Reaching the estimated 3.5 million Iraqi children who are missing out on their education is the goal of a Back to School campaign launched by the United Nations’ children’s fund (UNICEF) in partnership with the Iraqi Ministry of Education.
“Some 3.5 million school-aged Iraqi children are missing out on education, which means they are at increased risk of early marriage, child labour and recruitment into armed groups,” the UN News Centre reported on Friday. “About one million school-aged children are internally displaced, and 70 per cent of them have lost an entire year of school.”
UNICEF hopes to see as many children in the classroom as they can and is running a public information campaign along with providing school supplies, help with transportation, and basic services. The agency has built pre-fab classrooms providing learning space for 42,000 displaced children and distributed supplies to more than 280,000 children in 2016.
They are particularly concerned about children in Anbar and the Mosul area where ongoing fighting has led to displacement and precarious living conditions. This summer, Rudaw met 9-year old Shima who, along with her family, had escaped Islamic State-held territory southeast of Mosul and settled in Debaga camp, south of Erbil. Her greatest fear is not being able to continue her education.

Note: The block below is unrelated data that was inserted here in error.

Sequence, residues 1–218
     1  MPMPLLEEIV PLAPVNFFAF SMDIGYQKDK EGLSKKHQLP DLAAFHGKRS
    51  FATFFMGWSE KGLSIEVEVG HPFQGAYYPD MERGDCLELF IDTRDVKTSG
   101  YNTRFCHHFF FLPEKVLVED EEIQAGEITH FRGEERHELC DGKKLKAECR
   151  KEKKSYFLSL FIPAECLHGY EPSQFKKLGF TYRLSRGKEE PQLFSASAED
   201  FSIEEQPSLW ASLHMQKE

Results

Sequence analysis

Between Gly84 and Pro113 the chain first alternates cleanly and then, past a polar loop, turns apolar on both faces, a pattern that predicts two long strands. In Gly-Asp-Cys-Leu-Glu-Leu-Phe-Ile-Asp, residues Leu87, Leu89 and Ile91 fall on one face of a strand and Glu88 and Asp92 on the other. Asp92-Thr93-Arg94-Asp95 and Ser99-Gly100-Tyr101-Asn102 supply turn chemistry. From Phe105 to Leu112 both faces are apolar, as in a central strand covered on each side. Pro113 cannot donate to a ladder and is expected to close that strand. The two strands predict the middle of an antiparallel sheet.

“I couldn’t study because Daesh was taking money from us,” she cried, using an Arabic acronym for ISIS. “I don’t know if I can study in third grade or not. I finished first and second grade but I wasn’t able to finish third grade because they were asking for money.” In areas it controls, ISIS has introduced mandatory Sharia courses.
“It called on [schools] to repent and ‘purify their minds’ to match its opinions on principles of nationalism, secularism, and democracy, which it believes are contrary to Islamic Sharia and must be corrected,” the Atlantic Council think tank reported in April. The curriculum enforced by ISIS focuses on “Islamic jurisprudence and religion, in addition to norms and manners.”
Even physical education has been changed, with the militants focusing on training children in use of weapons and fighting techniques to participate in jihad, according to the Atlantic Council. Mixing of genders, music, and even basics such as mathematics have been banned, a teacher formerly from Raqqa told the think tank.
Dr. Dylan O’Driscoll, a research fellow with the Erbil-based Middle East Research Institute (MERI) warned in a recent report on planning for the liberation of Mosul that education will be a significant challenge for those who have lived under ISIS rule for more than two years.
“A new education system must be established in Nineveh to deal with the fact that many of the youth have been without a proper education for over two years. However, this system needs to run in parallel with the normal education system in order to also accommodate those just starting their education.”